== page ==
No one has taken responsibility for a facsimile of a submarine conning tower that has floated in a manmade sump off Route 114 in East Hampton since April.
When the water level allows, the plywood, black-painted tower drifts in a drainage pit amid protected farmland that has been the center of a war of words between Suffolk County and East Hampton Town officials that began shortly after the hole was dug about two years ago.
A mock periscope, radio antenna, and a light sprouts from the top of the conning tower, and some who have seen it say it looks like a repurposed garden pathway fixture. Two horizontal “wings,” above which “114” is neatly painted, stick out from each side.
The tower is affixed to a float, which has begun to show signs of the elements. Its paint is wearing thin, and raw wood shows through at a wet spot around the base.
Peter Dankowski, who has farmed the land where the sump was dug since the 1980s, said he had no idea who might have been behind the prank. “It’s kind of nice,” he said. Randy Parsons, who is on the staff of the Nature Conservancy Center for Conservation, whose headquarters is in a large house next door, had no clues.
The sump in which the mysterious submarine remains was East Hampton Town’s ill-fated attempt to solve flooding problems on Route 114. Blindsided by the work, Suffolk officials were furious that those involved, led by then-Town Councilwoman Teresa Quigley and former Town Supervisor Bill Wilkinson, had failed to get their approval or that of the State Department of Environmental Conservation before going ahead.
The problem is that Suffolk bought the development rights to the property from the Town of East Hampton in 1987 under a program designed to keep it in agriculture. Under the terms of the agreement, formal approval would have been required before excavation was begun. Amid initial stonewalling from town officials after the sump was discovered, the county filed paperwork setting the stage for a possible lawsuit.
East Hampton Town Councilman Peter Van Scoyoc, who was not on the town board when the sump was dug, has been leading an effort at rapprochement with the county. “We did meet with the farmland committee and they tentatively approved our solution . . . a remediation of the hole to make it farmable,” he said. Like others, Mr. Van Scoyoc said he had no idea who might have built the conning tower. However, he said he considered the submarine “a statement that there’s clearly a huge flooding problem.”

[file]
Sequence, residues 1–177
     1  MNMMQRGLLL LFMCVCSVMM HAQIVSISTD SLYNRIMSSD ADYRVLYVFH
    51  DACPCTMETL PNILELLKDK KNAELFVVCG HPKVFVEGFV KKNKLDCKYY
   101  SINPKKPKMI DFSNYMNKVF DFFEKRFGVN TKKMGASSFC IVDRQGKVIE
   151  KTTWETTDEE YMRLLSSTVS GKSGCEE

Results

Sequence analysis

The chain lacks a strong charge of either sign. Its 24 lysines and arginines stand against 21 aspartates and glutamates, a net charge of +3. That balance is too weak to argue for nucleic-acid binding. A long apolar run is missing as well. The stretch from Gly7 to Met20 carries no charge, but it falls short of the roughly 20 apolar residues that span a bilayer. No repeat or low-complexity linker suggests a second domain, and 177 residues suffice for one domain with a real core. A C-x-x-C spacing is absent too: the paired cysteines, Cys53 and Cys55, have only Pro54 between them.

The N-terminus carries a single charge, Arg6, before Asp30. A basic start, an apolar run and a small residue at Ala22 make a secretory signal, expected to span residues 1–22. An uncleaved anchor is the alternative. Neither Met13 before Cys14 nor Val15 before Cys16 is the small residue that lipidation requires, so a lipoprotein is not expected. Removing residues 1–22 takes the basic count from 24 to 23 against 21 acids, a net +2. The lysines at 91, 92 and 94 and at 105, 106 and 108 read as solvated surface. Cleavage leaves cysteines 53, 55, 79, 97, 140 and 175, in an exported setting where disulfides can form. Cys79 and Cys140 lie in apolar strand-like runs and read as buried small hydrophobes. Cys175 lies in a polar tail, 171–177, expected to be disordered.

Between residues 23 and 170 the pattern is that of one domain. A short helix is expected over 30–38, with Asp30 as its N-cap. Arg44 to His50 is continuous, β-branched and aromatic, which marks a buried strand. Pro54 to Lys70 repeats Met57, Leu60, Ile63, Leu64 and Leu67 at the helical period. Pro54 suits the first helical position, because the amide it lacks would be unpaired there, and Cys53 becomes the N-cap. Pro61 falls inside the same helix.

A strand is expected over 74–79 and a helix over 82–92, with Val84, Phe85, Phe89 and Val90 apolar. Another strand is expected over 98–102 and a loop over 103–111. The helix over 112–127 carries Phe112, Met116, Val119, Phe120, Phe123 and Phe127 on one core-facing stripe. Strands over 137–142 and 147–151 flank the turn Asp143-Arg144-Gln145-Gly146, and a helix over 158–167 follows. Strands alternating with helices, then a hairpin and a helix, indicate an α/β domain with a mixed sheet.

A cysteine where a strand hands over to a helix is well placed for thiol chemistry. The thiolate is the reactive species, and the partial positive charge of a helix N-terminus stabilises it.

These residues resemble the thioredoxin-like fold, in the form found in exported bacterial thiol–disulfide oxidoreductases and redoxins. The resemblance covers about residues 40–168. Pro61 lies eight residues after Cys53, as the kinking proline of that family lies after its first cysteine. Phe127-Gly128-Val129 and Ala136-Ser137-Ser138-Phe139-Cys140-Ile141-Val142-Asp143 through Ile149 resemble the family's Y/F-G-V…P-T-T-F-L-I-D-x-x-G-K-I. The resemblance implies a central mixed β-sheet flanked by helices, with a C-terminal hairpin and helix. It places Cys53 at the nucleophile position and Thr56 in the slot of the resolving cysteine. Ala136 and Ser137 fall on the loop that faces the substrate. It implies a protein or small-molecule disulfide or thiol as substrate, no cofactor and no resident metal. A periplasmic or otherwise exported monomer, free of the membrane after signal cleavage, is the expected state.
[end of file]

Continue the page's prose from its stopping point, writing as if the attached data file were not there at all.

It was Mr. Parsons who brought the unauthorized excavation to the county’s attention. While in conversation with a county official in the summer of 2012, he said, he mentioned in passing that “huge dump trucks loaded with top soil” were driving from the property day after day, which struck him as puzzling. County officials reacted with shock.
The Nature Conservancy Center, where Mr. Parsons works, is at one end of the preserved farmland, which, he said, has “some of the best top soil in the world.” He said an agricultural study conducted in the 1980s described the area as a “bread basket — it had the biggest chunk of prime agricultural soils” out of Wainscott, south Amagansett, and the north side of Amagansett.
In an interview this week, Elizabeth Fonseca, whose family trust owns the land, said this week that it was her first time on the South Fork since last year and she had yet to see the submarine. She recalled she had given permission to Ms. Quigley and Mr. Wilkinson to go ahead with the project, but said her understanding of what was intended differed from what eventually occurred.
“I didn’t think we made any major plans . . . that’s ridiculous.” Learning about the size of the sump, she said, “They should damn well close it up. I had no idea it was going to be a big hole. I think it’s an outrage.”
Jeffrey Bragman, an East Hampton lawyer representing the family, said they expected that fences with Suffolk officials would be mended and the land remediated. He said he had laughed when he saw the submarine, and had no idea who set it up.
Mr. Parsons said that Caio Fonseca and Isabel Fonseca, Mrs. Fonseca’s grandchildren, are also upset. “I’d say they were passionate about the issue, about the farm, and the preservation, and the beauty, and the violation.” As for the submarine, “I thought it was funny. I thought it was in the tradition of the bridges on 114. There have been different graffiti on these railroad bridges over the years and they were always good. They were always very creative,” he said.
As for the identity of the artist, he said, “It looks like somebody who has the saws to cut shapes. I mean, if we were like police, I’d be looking at cabinetmakers.”